July 14, 2016
Purdue helps K-12 teachers incorporate African American history, culture into classrooms
WEST LAFAYETTE, Ind. — Nineteen teachers will spend four weeks at Purdue University learning how to blend African-American history with literature, information technology and digital humanities into their classrooms.
The institute, which began Monday (July 11), is funded by the National Endowment for the Humanities. "From Plessy to Brown: The African American Freedom Struggle in the Twentieth Century" is a collaborative effort between the College of Liberal Arts and the College of Education. The program runs through Aug. 4.
"By exploring topics like the early social activism of black institutions, African-American migration to cities, and the influence and impact of African-American writers and arts on civil rights organizing, this summer institute will help teachers make African-American history and culture more accessible to their students," said Cornelius "Neil" Bynum, an associate professor of history and co-director of the institute who received the grant in 2015.
The selected participating teachers are from Indiana, North Carolina, Georgia, California, Alabama, Maryland, South Carolina, Illinois, Minnesota, Oklahoma and Virginia. The NEH program covers the cost of their living expenses and institute participation.
The institute's four themes are focused on racial violence in the early 20th century: the Jazz Age and independent black journalism and other social aspects; racial segregation as it relates to World War II and the Great Depression; and political and current events leading up to the 1954 Brown v. Board of Education case. In addition to workshops on campus, there also will be field trips to a variety of African-American historical and literary sites in Chicago and Indianapolis.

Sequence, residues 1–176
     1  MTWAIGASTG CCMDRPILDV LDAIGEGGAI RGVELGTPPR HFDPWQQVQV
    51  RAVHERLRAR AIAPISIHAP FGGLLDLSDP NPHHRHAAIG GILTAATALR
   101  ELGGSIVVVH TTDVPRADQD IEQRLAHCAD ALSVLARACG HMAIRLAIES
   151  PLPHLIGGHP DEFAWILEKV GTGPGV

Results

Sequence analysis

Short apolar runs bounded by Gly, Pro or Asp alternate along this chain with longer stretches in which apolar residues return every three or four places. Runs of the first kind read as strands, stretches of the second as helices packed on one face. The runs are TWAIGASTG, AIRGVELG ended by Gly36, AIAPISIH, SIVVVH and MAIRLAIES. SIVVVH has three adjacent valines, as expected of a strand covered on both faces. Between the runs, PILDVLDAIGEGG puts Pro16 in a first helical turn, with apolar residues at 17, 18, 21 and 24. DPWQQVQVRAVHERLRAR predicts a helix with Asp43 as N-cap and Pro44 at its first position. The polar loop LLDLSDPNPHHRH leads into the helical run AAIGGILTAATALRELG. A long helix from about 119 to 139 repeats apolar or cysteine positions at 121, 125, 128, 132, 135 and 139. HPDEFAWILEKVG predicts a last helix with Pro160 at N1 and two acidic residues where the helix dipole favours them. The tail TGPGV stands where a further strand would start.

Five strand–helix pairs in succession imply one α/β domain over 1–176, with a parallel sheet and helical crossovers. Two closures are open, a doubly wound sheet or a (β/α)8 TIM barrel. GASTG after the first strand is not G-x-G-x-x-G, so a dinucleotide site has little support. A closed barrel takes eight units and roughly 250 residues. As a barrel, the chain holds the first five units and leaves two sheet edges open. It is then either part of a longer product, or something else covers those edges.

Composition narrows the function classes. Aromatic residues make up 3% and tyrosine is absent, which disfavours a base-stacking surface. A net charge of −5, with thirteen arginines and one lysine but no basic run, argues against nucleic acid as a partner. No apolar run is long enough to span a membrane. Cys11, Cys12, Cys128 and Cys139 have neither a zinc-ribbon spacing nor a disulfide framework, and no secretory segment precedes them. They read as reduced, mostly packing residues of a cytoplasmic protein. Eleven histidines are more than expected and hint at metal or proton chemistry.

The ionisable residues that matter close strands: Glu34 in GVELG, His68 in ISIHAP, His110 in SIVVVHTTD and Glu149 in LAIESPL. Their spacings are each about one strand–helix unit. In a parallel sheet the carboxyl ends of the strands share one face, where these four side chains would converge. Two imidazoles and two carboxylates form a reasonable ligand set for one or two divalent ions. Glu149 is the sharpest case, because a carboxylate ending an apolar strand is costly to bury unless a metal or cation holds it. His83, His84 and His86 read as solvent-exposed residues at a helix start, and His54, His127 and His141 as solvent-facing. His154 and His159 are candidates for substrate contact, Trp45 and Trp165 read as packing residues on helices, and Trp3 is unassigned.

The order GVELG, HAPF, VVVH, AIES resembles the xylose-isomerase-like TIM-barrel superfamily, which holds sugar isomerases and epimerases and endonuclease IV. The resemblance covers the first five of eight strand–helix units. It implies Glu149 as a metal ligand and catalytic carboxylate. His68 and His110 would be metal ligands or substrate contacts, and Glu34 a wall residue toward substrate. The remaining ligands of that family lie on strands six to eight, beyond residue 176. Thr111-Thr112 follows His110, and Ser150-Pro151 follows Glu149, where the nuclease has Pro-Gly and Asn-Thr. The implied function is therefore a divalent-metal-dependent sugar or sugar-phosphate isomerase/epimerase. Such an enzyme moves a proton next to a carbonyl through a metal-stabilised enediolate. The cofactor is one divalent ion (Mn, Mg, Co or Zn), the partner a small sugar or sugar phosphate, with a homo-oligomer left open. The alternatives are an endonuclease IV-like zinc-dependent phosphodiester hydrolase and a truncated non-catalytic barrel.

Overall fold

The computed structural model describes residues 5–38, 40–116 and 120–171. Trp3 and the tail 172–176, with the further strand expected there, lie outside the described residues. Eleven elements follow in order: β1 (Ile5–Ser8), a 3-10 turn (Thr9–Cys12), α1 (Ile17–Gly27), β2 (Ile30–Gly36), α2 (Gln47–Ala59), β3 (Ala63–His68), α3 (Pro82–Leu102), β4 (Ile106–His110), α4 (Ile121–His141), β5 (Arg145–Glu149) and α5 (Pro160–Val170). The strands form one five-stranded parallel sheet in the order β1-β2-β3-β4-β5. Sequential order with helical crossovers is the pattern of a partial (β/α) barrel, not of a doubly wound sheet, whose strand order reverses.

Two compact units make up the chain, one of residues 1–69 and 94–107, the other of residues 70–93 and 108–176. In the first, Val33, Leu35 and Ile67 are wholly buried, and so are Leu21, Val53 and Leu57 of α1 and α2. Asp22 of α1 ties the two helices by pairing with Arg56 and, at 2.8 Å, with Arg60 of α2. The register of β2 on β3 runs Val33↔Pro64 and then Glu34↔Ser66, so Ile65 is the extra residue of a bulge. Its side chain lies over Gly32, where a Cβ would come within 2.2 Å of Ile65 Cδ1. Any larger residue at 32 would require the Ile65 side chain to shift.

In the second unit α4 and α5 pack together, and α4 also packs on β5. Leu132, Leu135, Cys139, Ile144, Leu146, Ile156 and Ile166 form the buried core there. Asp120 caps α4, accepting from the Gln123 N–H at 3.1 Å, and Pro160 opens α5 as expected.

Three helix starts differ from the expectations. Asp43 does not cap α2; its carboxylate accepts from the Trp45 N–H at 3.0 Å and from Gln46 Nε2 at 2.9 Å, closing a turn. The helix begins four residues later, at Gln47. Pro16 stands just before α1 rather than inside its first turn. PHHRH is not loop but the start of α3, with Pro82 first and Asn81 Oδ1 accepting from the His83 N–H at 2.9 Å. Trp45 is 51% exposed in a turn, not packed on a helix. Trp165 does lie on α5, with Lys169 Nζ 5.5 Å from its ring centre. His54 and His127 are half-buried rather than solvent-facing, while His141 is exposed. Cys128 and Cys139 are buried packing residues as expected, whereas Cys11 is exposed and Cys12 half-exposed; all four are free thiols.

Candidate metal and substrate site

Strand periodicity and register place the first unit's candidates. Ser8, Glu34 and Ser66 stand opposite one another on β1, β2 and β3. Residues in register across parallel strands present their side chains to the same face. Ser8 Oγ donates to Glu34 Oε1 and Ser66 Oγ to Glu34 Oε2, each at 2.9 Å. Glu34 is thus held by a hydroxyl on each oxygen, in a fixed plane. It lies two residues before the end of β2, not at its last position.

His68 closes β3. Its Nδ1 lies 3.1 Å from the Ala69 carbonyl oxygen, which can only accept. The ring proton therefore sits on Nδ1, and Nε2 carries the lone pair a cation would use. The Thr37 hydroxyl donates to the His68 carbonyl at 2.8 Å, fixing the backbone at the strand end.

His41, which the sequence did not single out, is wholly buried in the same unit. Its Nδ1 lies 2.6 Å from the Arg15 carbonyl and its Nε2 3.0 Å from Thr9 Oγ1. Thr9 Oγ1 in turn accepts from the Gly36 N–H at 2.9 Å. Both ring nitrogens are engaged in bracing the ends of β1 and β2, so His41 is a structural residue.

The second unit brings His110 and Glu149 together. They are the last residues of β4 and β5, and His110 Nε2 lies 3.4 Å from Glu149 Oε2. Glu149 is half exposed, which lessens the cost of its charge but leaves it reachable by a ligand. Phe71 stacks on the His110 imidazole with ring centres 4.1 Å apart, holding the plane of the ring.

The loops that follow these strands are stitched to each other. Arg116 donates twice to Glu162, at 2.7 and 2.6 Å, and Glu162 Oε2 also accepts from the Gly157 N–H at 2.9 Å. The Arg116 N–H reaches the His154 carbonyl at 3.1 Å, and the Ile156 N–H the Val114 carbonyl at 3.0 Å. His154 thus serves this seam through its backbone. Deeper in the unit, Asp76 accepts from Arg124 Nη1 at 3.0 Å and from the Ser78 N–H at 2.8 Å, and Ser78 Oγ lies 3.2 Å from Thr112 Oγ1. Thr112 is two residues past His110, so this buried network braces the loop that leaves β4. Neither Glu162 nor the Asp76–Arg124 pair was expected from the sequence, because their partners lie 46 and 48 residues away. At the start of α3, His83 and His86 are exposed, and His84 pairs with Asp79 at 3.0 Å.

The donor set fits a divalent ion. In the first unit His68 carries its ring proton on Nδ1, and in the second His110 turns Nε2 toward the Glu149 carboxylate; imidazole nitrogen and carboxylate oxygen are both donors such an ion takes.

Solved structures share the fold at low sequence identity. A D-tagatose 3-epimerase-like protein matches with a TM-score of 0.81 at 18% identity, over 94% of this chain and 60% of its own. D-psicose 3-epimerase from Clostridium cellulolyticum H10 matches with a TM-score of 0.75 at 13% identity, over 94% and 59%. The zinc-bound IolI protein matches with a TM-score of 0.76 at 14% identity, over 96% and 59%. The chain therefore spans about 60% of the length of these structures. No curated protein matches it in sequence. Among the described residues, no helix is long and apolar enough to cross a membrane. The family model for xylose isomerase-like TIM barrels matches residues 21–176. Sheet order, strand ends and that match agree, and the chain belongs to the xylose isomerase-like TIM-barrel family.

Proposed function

"Our workshop sessions also will utilize multimedia platforms and technology so teachers have more resources to improve information literacy in their classrooms," said Chrystal S. Johnson, an associate professor of social studies education. "We're especially excited about the role that geospatial information systems, known as GIS, will play in our seminars."
GIS is a system designed to capture, store, manipulate, analyze, manage, and present all types of spatial or geographical data. One of this program's goals is to help teachers influence students' critical thinking skills and reading comprehension as part of the recommendations of both the National Council of Teachers of English's 21st Century Curriculum and the National Council for Social Studies' 21st Century Skills.
Writer: Amy Patterson Neubert, 765-494-9723, firstname.lastname@example.org
Source: Cornelius Bynum, email@example.com